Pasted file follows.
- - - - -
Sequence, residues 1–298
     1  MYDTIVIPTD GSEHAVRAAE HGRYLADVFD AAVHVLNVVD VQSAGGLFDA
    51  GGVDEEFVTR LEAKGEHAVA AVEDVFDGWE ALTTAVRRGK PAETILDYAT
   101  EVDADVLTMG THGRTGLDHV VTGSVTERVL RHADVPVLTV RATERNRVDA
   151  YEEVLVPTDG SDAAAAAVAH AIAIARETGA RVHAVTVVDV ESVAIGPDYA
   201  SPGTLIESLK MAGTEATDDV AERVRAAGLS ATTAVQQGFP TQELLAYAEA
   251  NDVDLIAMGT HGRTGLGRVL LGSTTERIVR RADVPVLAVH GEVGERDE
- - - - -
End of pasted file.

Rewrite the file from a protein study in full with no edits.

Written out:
Sequence, residues 1–298
     1  MYDTIVIPTD GSEHAVRAAE HGRYLADVFD AAVHVLNVVD VQSAGGLFDA
    51  GGVDEEFVTR LEAKGEHAVA AVEDVFDGWE ALTTAVRRGK PAETILDYAT
   101  EVDADVLTMG THGRTGLDHV VTGSVTERVL RHADVPVLTV RATERNRVDA
   151  YEEVLVPTDG SDAAAAAVAH AIAIARETGA RVHAVTVVDV ESVAIGPDYA
   201  SPGTLIESLK MAGTEATDDV AERVRAAGLS ATTAVQQGFP TQELLAYAEA
   251  NDVDLIAMGT HGRTGLGRVL LGSTTERIVR RADVPVLAVH GEVGERDE